If you know me then perhaps the following is not a considerable confession: I’ve always had an interest in the macabre. I loved the Beetlejuice cartoon (and eventually the movie, as the sand worm scared the crap out of me when I was five), ghosts, The Crow, the “Night on Bald Mountain” piece in Disney’s Fantasia, bats, Edgar Allan Poe’s “The Raven” (which, due to The Simpson’s first “Treehouse of Horror” episode, has been my favourite poem since I was five), “Danse Macabre” by Camille Saint-Saëns, The Salem Witch Trials, The Craft, and vampires.
I think the first time I read Bram Stoker’s Dracula when I was eleven or twelve, having seen the movie a year or two before (and getting terribly frightened – it was the last movie that really scared me). The summer I was twelve I read the five or so Vampire Chronicles books that were written at the time, and also watched Interview with a Vampire. As the years went on, I’ve read or watched (or both) Buffy the Vampire Slayer, Angel, Underworld, The Vampire Chronicles, Twilight, Abraham Lincoln Vampire Hunter, Let the Right One In, Blade, The Southern Vampire Mysteries, Bloodsucking Fiends, and Nosferatu.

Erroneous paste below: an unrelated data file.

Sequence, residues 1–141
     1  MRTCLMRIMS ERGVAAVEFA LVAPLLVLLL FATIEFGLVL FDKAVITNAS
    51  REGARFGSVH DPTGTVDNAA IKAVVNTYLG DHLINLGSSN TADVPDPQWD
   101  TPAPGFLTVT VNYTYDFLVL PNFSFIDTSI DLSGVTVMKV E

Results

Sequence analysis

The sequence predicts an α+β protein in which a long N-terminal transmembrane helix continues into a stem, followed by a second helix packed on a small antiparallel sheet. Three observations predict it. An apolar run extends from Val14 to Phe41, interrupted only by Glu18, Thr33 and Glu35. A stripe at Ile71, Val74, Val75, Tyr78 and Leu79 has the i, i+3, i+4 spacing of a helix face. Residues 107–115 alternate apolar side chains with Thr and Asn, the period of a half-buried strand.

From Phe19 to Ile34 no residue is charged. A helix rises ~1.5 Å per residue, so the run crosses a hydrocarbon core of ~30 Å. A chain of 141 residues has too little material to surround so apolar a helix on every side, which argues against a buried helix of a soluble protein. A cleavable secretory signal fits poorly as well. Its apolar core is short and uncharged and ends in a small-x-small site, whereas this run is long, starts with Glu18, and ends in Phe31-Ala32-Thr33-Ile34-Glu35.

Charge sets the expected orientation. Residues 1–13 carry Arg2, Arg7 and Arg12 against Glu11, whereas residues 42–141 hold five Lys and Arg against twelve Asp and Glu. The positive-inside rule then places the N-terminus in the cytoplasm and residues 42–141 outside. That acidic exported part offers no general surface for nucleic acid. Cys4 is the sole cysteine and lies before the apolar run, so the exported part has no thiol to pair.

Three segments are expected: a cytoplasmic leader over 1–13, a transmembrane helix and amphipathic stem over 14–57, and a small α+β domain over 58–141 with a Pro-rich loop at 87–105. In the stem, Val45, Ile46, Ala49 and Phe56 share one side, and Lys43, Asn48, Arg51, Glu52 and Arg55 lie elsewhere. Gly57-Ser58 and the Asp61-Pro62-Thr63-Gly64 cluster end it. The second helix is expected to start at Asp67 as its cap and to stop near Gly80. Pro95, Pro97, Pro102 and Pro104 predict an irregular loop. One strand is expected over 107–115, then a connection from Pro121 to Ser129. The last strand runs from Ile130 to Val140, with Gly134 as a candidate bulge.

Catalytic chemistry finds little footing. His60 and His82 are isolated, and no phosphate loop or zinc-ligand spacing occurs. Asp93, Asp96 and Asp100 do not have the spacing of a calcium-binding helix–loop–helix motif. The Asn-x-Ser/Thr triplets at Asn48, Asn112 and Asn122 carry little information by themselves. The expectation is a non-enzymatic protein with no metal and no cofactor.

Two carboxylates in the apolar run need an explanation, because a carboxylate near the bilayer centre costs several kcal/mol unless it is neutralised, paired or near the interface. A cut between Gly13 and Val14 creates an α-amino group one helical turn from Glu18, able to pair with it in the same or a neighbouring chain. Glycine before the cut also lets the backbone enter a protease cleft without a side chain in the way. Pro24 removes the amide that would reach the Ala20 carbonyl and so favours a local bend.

For a supernatural entity that lives forever, I’ve always found it perplexing that a vampire could be so easily thwarted by a doorway.
In speaking about depression, Dean Roth says “I am a depression vampire; to talk about myself I have to be invited in.”
The more I think about it, the more true Roth’s words are, at least in terms of my chronic pain. I don’t feel like I can talk about it unless I have been explicitly invited to do so.
It’s scary, being in a vulnerable place, not knowing how to talk about your pain and illness with others. Like a vampire you are isolated from the society in which you live, but at the same time I find I am also isolated from my “own kind”. So far, I haven’t met anyone with the same symptoms and problems as me, and that’s what makes things even more difficult.
Chronic pain is a hellmouth, but I don’t want to be a the vampire anymore.